Edited by Martin Trybus and Luca Rubini
Chapter 6: The European Union as a Staatenverbund? The Endorsement of the Principle of Conferral in the Treaty of Lisbon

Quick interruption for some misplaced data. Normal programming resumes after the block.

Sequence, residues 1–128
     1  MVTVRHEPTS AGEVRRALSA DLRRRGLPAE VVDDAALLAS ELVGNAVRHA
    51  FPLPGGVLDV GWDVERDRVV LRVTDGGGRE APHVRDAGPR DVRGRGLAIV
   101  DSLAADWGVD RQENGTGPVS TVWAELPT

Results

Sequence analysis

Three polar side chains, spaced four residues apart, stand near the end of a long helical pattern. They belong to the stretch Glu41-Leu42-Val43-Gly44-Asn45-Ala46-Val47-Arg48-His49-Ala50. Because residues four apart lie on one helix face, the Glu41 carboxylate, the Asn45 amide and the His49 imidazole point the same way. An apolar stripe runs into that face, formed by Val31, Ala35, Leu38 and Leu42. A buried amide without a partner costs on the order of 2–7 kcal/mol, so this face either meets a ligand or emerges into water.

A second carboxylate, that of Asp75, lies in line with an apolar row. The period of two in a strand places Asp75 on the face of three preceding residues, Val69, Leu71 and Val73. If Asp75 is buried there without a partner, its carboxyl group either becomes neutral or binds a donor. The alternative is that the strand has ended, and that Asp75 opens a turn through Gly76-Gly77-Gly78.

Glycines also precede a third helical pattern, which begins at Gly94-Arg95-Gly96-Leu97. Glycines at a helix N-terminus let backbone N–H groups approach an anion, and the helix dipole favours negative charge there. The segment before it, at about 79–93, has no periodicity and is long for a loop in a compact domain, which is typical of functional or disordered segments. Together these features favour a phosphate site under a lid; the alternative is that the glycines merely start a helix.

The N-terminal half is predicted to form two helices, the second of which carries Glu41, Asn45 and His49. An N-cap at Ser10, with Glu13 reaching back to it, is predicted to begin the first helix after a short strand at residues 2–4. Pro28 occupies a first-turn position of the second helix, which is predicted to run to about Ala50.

Barbara Guastaferro 1. INTRODUCTION This chapter argues that the Treaty of Lisbon, while endowing the European Union (EU) with new competencies, has by the same token ‘endorsed’ the principle of conferral. Many of the provisions of the Treaty of Lisbon, indeed, seem to reinforce that principle and to yield to some Member States’ demand to retain the Kompetenz-Kompetenz within the European legal order. Even the wording of the Treaties seems to constantly express the fear that the EU may transgress the boundaries of the powers conferred on it by Member States. Following this line of reasoning, the present chapter will ﬁrst outline the principal causes of the creeping competence drift within the EU legal order and then analyse the main remedies provided by the Treaty of Lisbon. 2. THE PRINCIPLE OF CONFERRAL WITHIN THE EU LEGAL ORDER The principle of conferral (or principle of allocated or attributed powers) stipulates that ‘every action by the Union is based on a general or speciﬁc Treaty provision empowering the Union – expressly or implicitly – to act’.1 In this vein, the rules concerning the allocation of powers within the EU 1 Lenaerts, K. and M. Desormer (2002), ‘Bricks for a Constitutional Treaty of the European Union: Values, Objectives and Means’, European Law Review, 27, 385. 117 Columns Design XML Ltd / Job: Trybus-Treaty_Lisbon_and_Future_of_EU_Law_and_Policy tion: 1 / Date: 16/4 / Division: 06-Chapter_6_typeset /Pg. Posi- JOBNAME: Trybus and Rubini PAGE: 4 SESS: 8 OUTPUT: Tue Apr...
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